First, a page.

For many locations, heat and drought go hand in hand during the summer, and just about every year somewhere in the country heat waves and drought occur. Every farmer is bound to find themselves dealing with drought at some point. What constitutes hot temperatures depends on where you live. For Fairbanks, Alaska, 90°F is rare but has occurred.

In Columbia, South Carolina, where it can top 90°F many times in the course of a summer, even 100 degrees is not that unusual. This is important since to a large degree agricultural operations are geared for normal conditions; the type of temperatures normally experienced and expected. With the relatively cool waters of the Pacific just offshore, the West Coast has only brief hot spells when an offshore flow develops in summer. From the Rockies eastward, abnormally hot conditions become more of a periodic threat. Continue Reading →

Drought Planning: Grassland Preservation

Drought planning and preparation should be a priority for most ranching operations, as ranches are likely to be located in areas of natural grassland and one of the formative factors for grasslands is erratic mois­ture availability. Drought is not just dry weather; drought occurs when there is a significant reduction in normal pre­cipitation. A desert area that received only 9 inches of rain is dry, but it is not in drought unless annual precipitation falls well below 9 inches; an area that is in a 40-inch rainfall belt and received 20 inches is in a serious drought.

Our home ranch in Nolan County, Texas, was in a 20-inch rainfall area that was very drought-prone; local wags said that the 20-inch average came about because it would rain 60 inches one year and then skip two years.

Build the health of your range, your bio­logical capital, when growing conditions are good so that you can survive the drought that is surely coming.

Where moisture availability is con­stant, the vegetation tends to be made up of longer-lived plants (trees). If drought kills most of the local vegetation, grass­es and forbs can germinate from seed and reproduce quickly, but trees require much more time to reach maturity. The fantastic ryegrass and clover pastures of England and Ireland did not come into being until the oak forests that were originally there disappeared into ship timbers and charcoal kilns. If humans were removed from these areas, the oak forests would return because of the uni­formity of the local moisture patterns.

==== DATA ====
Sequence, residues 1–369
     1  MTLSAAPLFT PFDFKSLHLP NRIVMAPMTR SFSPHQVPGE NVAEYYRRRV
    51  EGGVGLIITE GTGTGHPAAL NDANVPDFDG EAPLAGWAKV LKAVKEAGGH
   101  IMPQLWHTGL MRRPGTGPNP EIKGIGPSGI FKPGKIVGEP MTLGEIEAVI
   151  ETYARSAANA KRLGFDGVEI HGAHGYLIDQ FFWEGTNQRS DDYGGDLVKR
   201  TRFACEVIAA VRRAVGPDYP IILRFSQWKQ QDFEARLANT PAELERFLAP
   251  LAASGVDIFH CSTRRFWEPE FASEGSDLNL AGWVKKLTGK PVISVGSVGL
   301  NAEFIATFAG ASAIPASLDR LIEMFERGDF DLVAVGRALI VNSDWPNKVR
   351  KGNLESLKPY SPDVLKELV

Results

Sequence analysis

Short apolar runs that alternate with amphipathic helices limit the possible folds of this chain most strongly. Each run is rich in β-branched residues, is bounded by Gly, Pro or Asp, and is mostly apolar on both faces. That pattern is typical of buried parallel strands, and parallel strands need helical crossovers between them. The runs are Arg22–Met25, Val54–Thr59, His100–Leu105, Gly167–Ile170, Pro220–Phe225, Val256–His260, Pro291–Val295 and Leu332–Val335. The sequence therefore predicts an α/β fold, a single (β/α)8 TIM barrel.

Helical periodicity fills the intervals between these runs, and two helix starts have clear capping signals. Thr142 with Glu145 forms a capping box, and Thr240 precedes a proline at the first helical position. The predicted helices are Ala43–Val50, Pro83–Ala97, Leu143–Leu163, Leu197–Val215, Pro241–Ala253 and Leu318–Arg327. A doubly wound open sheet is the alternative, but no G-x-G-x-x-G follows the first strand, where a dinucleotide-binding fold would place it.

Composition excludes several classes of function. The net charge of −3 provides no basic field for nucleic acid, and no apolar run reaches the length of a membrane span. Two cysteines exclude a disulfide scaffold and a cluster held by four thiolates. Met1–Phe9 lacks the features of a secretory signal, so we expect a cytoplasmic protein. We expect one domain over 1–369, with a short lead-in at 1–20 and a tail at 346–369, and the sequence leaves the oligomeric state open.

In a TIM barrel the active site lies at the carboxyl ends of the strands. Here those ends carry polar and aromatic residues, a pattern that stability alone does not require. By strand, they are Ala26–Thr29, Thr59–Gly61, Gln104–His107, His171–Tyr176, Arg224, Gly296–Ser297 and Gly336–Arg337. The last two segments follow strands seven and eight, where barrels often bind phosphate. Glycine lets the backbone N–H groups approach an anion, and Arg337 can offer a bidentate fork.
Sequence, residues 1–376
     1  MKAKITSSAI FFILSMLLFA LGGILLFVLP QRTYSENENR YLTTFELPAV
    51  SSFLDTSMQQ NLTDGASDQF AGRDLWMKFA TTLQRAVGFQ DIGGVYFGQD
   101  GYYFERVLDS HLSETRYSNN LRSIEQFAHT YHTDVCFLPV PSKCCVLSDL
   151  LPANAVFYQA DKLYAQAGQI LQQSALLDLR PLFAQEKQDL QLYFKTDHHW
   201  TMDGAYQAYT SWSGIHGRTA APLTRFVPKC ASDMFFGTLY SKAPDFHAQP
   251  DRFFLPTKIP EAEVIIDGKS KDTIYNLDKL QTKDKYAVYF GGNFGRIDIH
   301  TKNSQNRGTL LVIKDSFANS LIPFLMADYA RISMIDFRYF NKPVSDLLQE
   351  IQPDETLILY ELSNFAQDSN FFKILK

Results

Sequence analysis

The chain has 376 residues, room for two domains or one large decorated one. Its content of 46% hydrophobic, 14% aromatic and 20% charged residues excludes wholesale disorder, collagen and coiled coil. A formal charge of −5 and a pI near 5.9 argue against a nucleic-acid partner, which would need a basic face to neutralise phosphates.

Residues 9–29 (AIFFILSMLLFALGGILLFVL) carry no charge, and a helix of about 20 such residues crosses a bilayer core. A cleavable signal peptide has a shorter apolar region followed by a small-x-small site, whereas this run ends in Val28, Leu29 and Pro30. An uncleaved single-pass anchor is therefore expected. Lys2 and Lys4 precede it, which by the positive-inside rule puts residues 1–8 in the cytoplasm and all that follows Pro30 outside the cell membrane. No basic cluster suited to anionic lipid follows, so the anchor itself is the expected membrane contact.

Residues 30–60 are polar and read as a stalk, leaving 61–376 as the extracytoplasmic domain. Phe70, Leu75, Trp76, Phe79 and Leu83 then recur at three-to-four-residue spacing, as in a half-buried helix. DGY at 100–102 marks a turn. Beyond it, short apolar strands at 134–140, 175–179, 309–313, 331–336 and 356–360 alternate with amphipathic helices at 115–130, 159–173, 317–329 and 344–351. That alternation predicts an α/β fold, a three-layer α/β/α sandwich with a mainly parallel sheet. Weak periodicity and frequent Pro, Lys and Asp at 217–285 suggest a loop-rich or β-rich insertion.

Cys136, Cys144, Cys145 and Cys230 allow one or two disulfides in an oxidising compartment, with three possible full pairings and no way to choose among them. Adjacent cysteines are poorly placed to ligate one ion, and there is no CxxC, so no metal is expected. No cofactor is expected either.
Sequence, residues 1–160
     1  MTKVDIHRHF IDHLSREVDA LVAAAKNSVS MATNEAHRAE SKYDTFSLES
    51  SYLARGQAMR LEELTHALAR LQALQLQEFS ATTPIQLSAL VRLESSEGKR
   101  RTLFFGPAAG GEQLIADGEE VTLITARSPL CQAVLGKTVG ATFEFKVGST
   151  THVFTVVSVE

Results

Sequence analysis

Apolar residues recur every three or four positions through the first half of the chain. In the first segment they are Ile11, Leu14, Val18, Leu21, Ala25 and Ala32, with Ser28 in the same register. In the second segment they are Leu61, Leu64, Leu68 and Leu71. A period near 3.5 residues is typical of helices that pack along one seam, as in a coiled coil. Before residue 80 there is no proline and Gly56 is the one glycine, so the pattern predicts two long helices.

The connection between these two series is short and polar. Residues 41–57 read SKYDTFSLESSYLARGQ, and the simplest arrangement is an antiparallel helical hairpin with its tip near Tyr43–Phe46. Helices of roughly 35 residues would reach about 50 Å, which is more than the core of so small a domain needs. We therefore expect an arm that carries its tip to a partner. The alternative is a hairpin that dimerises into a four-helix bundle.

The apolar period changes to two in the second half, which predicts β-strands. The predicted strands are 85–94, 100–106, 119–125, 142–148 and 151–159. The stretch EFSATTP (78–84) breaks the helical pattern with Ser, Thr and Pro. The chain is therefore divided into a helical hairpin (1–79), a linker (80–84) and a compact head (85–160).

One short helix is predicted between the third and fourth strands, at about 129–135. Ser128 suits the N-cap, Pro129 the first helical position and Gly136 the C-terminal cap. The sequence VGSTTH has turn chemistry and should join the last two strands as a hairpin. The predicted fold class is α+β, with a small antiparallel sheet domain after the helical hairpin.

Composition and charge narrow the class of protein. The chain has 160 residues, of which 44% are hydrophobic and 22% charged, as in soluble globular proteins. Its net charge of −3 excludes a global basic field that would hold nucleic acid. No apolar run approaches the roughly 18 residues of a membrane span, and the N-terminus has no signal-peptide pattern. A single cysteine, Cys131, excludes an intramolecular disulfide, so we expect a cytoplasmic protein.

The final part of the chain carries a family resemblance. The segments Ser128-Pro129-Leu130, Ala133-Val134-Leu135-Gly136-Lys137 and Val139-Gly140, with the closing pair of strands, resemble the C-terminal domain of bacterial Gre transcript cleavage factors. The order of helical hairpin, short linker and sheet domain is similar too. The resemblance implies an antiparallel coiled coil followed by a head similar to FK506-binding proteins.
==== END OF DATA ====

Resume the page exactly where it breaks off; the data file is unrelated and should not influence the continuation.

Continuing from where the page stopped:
The frequency and severity of droughts vary widely according to location; know­ing the probability of drought in the local environment is essential informa­tion for formulating drought planning management strategies. Equally important is recognizing the early signs of impending drought — the sooner drought is recognized, the more effectively its effects can be offset. If drought is recognized as a normal occur­rence, and it is, then plans can be made to reduce its impact upon the operation and upon the soil-plant-animal complex on which the operation depends.

The National Weather Service keeps detailed weather records for many places in the United States, and an examination of these records for your area is a good place to start in determining the likeli­hood of drought and need for drought planning. There is nothing you can do to keep drought from occurring, but you can do a great deal to reduce its impacts.

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Interview: Author Judith Schwartz Examines Water Management

Interviewed by Tracy Frisch

Judith Schwartz - modern water wisdomWhen writer Judith Schwartz learned that soil carbon is a buffer for climate change, her focus as a journalist took a major turn. She was covering the Slow Money National Gathering in 2010 when Gardener’s Supply founder Will Raap stated that over time more CO2 has gone into the atmosphere from the soil than has been released from burning fossil fuels. She says her first reaction was “Why don’t I know this?” Then she thought, “If this is true, can carbon be brought back to the soil?” In the quest that followed, she made the acquaintance of luminaries like Allan Savory, Christine Jones and Gabe Brown and traveled to several continents to see the new soil carbon paradigm in action. Schwartz has the gift of making difficult concepts accessible and appealing to lay readers, and that’s exactly what she does in Cows Save the Planet And Other Improbable Ways of Restoring Soil to Heal the Earth, which Elizabeth Kolbert called “a surprising, informative, and ultimately hopeful book.”